[Rushtalk] How Donald Trump Tried to Use the Homeless as a Weapon to Throw Obstinate Tenants on the Street | Nomadic Politics]

Tom Matiska tom.matiska at att.net
Sun Jul 31 22:02:59 MDT 2016


Interesting twist on events of 35 years ago.... not one word of which makes me want to vote for Hillary.    Tom
T-Mobile. America's First Nationwide 4G Network

Carl Spitzer <cwsiv at juno.com> wrote:

>Democrats are digging deep on this one trying to dish the dirt.   But
>considering rent control creates a shortage which democrats can not
>understand we can see his point about clearing out poor democrats for
>rich democrats.   The best rent control is more housing but then with
>NYC being socialist perhaps its time the productive join Rush in exile.
>
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>Wednesday, May 18, 2016
>
>
>How Donald Trump Tried to Use the Homeless as a Weapon to Throw
>Obstinate Tenants on the Street 
>
>
>by Nomad
>
>Back in the 1980s, property developer, Trump pulled out all stops to
>evict tenants from their homes and out into the street. He was even
>ready to use New York's homeless as a tool in his scheme.
>
>
>
>Trump and the Tenants
>
>In the early 1980s, Donald Trump had a dream of putting his personal
>stamp on the Manhattan skyline. It meant a lot to him to establish
>himself as something more than the son of Fred Trump.
>
>He had been determined to show the world that he was far more crafty and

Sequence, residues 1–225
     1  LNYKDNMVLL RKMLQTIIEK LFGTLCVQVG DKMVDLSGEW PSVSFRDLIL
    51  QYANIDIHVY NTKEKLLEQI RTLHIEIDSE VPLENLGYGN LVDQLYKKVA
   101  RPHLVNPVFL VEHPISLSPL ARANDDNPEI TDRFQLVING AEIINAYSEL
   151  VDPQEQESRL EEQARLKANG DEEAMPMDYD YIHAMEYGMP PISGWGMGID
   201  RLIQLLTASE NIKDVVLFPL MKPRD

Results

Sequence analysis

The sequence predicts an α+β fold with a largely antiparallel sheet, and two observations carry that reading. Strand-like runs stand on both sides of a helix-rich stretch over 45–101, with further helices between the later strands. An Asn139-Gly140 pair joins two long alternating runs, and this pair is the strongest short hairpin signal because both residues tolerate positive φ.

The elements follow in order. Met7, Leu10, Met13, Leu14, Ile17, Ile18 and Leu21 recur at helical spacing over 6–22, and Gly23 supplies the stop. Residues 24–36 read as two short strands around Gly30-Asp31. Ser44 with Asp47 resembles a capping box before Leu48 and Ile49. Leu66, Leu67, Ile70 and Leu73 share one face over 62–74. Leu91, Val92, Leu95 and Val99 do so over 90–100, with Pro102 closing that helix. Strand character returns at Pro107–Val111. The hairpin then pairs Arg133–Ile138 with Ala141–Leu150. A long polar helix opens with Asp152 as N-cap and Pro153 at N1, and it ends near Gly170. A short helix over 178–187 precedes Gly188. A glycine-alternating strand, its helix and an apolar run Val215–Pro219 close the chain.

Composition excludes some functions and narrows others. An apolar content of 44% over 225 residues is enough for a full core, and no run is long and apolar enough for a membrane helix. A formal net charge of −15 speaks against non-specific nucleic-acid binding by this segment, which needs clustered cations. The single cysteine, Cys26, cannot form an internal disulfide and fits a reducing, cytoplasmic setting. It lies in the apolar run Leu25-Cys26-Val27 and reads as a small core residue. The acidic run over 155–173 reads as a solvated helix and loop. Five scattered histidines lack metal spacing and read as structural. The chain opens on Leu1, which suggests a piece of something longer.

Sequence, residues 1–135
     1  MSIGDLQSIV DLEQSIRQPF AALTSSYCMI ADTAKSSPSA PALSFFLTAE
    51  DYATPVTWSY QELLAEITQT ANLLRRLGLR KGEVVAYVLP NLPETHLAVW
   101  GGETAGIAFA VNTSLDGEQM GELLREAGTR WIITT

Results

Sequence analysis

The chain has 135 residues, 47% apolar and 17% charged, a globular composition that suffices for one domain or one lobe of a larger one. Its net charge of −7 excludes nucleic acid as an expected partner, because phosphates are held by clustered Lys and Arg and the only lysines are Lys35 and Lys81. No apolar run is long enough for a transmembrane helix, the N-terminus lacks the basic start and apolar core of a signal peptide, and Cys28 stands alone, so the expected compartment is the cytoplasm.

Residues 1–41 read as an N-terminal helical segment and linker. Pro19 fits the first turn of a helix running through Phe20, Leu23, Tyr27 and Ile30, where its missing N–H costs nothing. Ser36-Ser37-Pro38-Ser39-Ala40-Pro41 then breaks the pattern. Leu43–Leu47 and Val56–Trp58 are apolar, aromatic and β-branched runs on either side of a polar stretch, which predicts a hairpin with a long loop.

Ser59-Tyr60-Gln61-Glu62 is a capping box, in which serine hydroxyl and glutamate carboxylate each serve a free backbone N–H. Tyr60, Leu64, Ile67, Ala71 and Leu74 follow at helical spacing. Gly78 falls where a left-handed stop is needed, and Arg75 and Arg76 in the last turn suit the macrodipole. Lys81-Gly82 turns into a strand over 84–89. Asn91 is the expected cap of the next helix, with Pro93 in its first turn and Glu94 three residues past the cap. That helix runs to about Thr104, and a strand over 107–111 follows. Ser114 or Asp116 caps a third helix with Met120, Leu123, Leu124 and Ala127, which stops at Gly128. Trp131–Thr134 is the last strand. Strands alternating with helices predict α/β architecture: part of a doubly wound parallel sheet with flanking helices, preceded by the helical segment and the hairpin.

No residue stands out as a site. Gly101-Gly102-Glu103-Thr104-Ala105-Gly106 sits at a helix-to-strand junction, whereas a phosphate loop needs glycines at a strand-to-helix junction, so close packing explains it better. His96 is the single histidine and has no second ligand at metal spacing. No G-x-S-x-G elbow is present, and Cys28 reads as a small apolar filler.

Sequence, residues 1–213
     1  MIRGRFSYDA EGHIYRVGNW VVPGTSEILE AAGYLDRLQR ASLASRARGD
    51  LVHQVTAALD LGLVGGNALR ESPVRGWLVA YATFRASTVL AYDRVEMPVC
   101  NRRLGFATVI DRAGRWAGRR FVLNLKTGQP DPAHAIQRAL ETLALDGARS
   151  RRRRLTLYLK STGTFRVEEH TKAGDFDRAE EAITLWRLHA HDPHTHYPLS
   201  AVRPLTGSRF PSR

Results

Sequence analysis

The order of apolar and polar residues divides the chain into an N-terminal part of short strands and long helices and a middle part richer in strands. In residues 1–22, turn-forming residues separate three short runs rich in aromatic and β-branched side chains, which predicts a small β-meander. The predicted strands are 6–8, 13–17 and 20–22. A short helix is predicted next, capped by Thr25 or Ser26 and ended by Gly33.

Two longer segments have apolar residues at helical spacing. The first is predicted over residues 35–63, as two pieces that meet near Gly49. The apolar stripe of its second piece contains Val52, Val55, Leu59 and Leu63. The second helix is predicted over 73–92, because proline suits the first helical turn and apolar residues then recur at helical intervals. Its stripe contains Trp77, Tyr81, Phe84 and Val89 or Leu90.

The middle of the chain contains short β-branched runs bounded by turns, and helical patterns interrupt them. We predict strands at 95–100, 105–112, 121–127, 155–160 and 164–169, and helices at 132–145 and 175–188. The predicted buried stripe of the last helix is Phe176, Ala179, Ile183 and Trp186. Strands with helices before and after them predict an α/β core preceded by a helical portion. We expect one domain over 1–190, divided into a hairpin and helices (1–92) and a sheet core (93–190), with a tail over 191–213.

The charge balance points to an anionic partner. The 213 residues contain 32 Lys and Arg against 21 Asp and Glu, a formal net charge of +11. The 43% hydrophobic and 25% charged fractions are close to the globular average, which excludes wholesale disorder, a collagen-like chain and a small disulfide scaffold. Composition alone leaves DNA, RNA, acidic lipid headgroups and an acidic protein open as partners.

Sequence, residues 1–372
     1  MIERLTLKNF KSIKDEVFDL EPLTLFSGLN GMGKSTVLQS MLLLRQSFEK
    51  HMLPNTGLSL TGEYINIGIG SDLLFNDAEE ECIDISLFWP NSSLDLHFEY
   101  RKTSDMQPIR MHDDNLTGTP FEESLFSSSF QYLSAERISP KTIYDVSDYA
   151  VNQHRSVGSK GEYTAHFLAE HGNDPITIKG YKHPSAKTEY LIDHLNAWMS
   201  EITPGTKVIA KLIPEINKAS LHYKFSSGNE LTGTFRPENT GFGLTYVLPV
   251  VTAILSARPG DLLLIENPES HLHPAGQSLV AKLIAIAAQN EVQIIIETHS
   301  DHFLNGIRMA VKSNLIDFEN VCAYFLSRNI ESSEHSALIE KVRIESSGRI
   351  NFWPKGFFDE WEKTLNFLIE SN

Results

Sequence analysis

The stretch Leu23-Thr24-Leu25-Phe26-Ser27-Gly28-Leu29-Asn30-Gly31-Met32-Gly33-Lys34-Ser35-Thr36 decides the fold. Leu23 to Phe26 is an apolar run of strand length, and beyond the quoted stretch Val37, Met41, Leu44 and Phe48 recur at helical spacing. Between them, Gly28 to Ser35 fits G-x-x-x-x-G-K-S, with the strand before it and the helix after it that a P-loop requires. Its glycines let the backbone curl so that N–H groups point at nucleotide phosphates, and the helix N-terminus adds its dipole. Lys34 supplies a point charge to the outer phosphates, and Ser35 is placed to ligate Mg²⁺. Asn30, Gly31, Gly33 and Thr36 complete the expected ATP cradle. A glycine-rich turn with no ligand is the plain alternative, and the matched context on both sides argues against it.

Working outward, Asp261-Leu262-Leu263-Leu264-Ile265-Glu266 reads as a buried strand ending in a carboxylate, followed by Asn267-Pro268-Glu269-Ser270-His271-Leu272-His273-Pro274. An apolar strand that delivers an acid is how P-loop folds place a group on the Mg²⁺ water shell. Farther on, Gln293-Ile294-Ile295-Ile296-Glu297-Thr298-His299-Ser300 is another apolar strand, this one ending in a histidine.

>a lot more ambitious than his father. Fred Trump had worked his own
>property magic in Brooklyn but son Donald wanted to show the world- and
>himself- that he was bigger than that.   So, in a literal and figurative
>sense, Trump was ready to cross the bridge between middle-class hum-drum
>Brooklyn to the fabulous upper-class domains of Manhattan.
>
>And in that regard, Trump had already made a name for himself with a
>string of home runs in the late 1970s, such as the development of
>property owned by the bankrupted Penn Central Railroad. As a
>twenty-eight-year-old unknown, Donald had to reply on his father's
>political connections to seal the deal.  The project offered to Trump
>reportedly included a lot of sweeteners, like tax abatements.
>That property would later become the Jacob K. Javits Convention Center.
>
>Then, after establishing his reputation as a deal-maker with his own
>political connection, Trump was ready for his next golden opportunity.
>
>Mr. Trump had paid just $13 million for 100 Central Park South and the
>building adjoining it, the Barbizon Plaza Hotel, in 1981. It was prime
>real estate overlooking Central Park. 
>Indeed, it was considered to be one of the city’s most desirable blocks.
>
>
>And Trump had audacious ideas in his head. His proposal included the
>demolition of the building and its neighbor- which he also owned. He
>then planned to construct a luxury high-rise condominium complex facing
>Central Park. It must have seemed like money in the bank.
>
>
>There was only one hitch. 
>The residents of the a 15-story, 80 apartment building refused to budge.
>They had no intention of being pushed out of their homes.
>
>Nearly all of the tenants were paying well below market rates. To make
>matters worse, there were laws that protected tenants and those
>regulations stood in Trump's way of his dream. True they were sitting on
>a gold mine, but the law was on their side. No bully could force them
>out, or could he?
>
>His first move was not to negotiate but, according to the lawyers for
>the tenants, to intimidate. He reportedly spread the rumor that all
>tenants were to be evicted from the premises immediately.
>According to one tenant, one day Trump gathered them together and told
>them
>
>        "I am Donald Trump. Get out of our building." 
>
>Whether those were his exact words, we can never know. However,
>apparently, his attitude was that the tenants were little better than
>obstacles, or squatters on his premises.
>It was to be a disastrous and expensive miscalculation on his part.